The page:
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Is choosing non-native over native mobile apps risky for developers?

What's more risky: developing cross-platform or native mobile apps? One expert chooses sides in the native vs. non-native/cross-platform mobile apps debate.

What are the risks involved in not developing cloud apps on a non-native versus a native mobile platform?

At first glance, it seems choosing between developing non-native rather than native mobile web and cloud applications calls for weighing the strong functionality of the latter vs. the lower cost of development and cross-platform capabilities of the former. Dig deeper, and you'll find that choosing between native vs. non-native applications could be a choice between your organization's ease of use and your users' satisfaction. Let's look at this from the user's point of view.

Just to be clear, native mobile apps are developed on the actual mobile OS -- the primary ones being Android and Apple iOS. In hybrid applications, both web and native OS components are combined to create a cross-platform mobile app that is accessed through a web browser. Native apps can be installed locally, but not hybrid apps.

Typically, native mobile application development costs more than the non-native alternative. In my experience, if a mobile application really requires an outstanding user experience, this is where the native app wins out every time. It also provides you the ability to customize the app to fit your requirements. Most often, performance will be faster on native applications as well.

For companies that are developing mobile web applications, there are risks in making a decision to not develop in this environment. As a business, you need to be able to compete at the highest of levels. There is a difference between the competition in semi-pro football and the NFL. The best user experience for a fan will be at an NFL game because of the excellence of the players on the field. Similarly, you will never be able to compete at the highest of levels, with respect to mobile web applications, without going native.

The biggest risk in going non-native is in not providing your customers with the best user experience possible. Your customer may start looking at your competitor's offerings. Because customers and partners are increasingly becoming more reliant on mobile computing, this could be a major risk for an enterprise. If performance is an issue with your cross-platform apps, come up with a plan to start developing natively as soon as possible.

The biggest risk in going non-native is not providing your customers with the best user experience possible.
Kenneth MilbergPresident and managing consultant, PowerTCO

What about cloud-based, enterprise mobile applications? What are you risking by not developing these applications natively? Getting software to work in a cloud requires an enterprise architecture that is different than that that of your legacy enterprise design. After your infrastructure resides on the cloud, you have choices as to how to develop your applications.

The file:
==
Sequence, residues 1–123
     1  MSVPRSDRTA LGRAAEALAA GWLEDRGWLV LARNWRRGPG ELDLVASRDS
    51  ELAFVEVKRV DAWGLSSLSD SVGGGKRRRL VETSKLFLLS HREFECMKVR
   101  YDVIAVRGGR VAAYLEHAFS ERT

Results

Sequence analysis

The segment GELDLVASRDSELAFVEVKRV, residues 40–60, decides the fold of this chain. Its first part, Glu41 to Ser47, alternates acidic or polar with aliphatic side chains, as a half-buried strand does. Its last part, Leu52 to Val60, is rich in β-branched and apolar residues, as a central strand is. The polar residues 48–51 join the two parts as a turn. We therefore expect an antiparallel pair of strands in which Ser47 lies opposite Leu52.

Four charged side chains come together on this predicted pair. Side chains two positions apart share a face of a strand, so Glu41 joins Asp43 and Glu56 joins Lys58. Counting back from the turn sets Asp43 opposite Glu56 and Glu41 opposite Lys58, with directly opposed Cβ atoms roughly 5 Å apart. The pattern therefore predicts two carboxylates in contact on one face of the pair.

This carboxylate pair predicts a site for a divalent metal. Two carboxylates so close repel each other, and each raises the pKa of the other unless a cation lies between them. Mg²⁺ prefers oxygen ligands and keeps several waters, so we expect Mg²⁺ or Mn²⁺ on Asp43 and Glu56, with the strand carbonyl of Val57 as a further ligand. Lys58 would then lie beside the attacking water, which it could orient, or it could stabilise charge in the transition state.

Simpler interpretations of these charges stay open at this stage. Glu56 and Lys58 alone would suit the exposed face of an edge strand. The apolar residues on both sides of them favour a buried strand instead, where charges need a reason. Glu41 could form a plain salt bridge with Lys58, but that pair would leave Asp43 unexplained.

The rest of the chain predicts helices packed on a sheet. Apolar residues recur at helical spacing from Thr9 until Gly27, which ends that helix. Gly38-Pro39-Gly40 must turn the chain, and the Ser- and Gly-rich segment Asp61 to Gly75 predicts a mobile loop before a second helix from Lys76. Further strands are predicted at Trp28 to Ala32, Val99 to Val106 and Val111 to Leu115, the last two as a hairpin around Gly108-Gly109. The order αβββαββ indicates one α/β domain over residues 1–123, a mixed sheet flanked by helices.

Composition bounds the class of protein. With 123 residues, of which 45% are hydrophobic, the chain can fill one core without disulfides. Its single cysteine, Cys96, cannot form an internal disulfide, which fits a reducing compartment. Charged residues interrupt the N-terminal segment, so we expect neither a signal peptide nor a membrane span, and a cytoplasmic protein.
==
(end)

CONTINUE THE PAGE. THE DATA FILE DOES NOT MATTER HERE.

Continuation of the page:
In the cloud arena, the advantages of native mobile app development are plenty, including redundancy and scalability. Native mobile cloud applications are inherently more resilient, so processing can be moved from one data center to another without service interruption. Furthermore, because you can set up a pay-as-you-go type of model, big companies would only pay for computing resources used.

A major risk in not developing native mobile cloud applications is that you won’t be taking advantage of only paying for resources that are used or the inherent availability and reduced downtime for your applications. Minimized infrastructure overhead and more resilient, available systems are key requirements today, and companies that do not develop cloud apps on a native platform are not taking advantage of the latest technologies to increase resiliency, uptime and performance.

While you can make a legacy application "cloud-enabled" after the fact by simply moving it to the cloud, it would not have been developed on or for the cloud. This is where you need to do some preplanning and even consider the development before moving your infrastructure to the cloud -- so as to build in the development costs as part of your roadmap. By developing it on the new infrastructure and building it from the ground up, you will have the ability on day one of scaling resources up and down as needed, as well as better resiliency, performance and redundancy.

In both situations, when we talk about the risks in not developing a native mobile web or cloud business app, there is unquestionably a significant corporate investment required for either option. In both situations, again, you will need to ask yourself: Are the financial risks inherent in any investment of this type? Is it worth more than the risk of doing nothing and letting your competitors outshine you by delivering products that can do more than yours? You know your business best, and only you can answer that question.

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